There are many stories I could tell about my time in Jakarta. Here I offer one: the story of Marcus McAdam and his mix-tapes.
One downside of living in Jakarta was that we were cut off from the culture machine that had dominated life in New Zealand. At home, I’d been cultivating a passion for Blondie and the Cars. At the bustling markets of Pasar Baru, I could pick up any number of pirated cassettes, and I compiled a back catalogue of every band I’d heard of. Yet, there was no Western radio or television stations in Jakarta at the time, and no internet to browse in pursuit of the latest thing. I soon discovered how dependent I’d become on the weekly chart countdown. I didn’t lack for entertainment, but I had no idea what kinds of entertainment were cool. With my teenage years on the horizon, this was a serious problem.
Into the breach stepped Marcus MacAdam. Marcus was my friend Andrew’s older brother. At fifteen years old, Marcus knew everything about anything worth knowing about: bands, movies, comics, all the important stuff. He was a legend. Marcus left Jakarta for boarding school in Perth shortly after my family arrived in Indonesia. Twice or thrice a year he would fly back to Jakarta with news of the outside world. Marcus introduced me to the pop-cultural references that (for better or worse) defined my teenage imagination: Alien (‘…and this thing just explodes out of his stomach!’), KISS (‘…and then Gene Simmon goes HUURR and fire comes out his mouth!’), and The Savage Sword of Conan comics that satisfied my hunger for epic fantasy long after umpteen readings of The Lord of the Rings had taken the shine off the trilogy (‘…plus there’s a movie in the works, starring this Austrian bodybuilder, Arnold Schnizelburger!’).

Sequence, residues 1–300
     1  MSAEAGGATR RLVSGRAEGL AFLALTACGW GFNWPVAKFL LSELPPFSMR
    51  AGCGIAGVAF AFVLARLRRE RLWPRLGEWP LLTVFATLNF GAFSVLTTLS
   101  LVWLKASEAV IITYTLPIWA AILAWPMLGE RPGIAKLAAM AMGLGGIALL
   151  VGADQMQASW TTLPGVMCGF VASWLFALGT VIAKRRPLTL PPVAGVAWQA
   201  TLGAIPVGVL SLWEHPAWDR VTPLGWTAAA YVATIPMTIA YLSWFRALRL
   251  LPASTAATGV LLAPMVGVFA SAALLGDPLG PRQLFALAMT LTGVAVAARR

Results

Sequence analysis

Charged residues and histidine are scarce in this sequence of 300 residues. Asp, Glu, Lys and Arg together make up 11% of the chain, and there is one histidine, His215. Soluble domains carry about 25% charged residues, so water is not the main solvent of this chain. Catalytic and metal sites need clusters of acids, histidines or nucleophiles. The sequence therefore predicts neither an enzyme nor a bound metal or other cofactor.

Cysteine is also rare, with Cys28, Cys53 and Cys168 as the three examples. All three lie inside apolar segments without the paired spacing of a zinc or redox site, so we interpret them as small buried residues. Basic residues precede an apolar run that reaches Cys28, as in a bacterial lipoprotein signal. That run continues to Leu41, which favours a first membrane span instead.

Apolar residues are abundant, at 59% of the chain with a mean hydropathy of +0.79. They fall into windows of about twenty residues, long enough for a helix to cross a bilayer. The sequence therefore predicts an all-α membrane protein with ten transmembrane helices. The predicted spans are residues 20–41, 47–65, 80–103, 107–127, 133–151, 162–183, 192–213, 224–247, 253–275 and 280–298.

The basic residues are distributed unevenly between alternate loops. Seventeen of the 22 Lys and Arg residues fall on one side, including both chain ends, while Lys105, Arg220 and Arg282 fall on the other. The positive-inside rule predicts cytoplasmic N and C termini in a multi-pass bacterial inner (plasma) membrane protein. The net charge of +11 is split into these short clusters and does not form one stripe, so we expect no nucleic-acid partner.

Some might say that Marcus MacAdam had questionable taste. What the hell – we were kids. Marcus brought Western pop culture to our gated compound, and for that, we were very grateful.